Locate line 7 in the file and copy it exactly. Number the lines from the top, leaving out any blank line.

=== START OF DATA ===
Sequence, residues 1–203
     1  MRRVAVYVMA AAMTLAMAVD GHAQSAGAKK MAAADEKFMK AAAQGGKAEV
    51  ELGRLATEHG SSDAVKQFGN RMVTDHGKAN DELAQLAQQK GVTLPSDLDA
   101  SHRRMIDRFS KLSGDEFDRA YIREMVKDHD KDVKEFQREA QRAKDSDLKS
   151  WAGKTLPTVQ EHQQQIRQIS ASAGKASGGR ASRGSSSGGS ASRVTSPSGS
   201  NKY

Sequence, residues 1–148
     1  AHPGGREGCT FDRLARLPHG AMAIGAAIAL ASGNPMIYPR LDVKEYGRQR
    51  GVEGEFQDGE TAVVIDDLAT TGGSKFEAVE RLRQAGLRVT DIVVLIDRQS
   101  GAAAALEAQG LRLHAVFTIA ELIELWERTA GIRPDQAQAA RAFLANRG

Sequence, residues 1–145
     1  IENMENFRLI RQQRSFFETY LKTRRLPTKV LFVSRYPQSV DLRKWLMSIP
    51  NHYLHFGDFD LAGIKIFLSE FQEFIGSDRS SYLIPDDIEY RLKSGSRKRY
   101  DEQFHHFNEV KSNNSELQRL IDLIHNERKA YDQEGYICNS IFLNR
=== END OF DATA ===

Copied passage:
Sequence, residues 1–148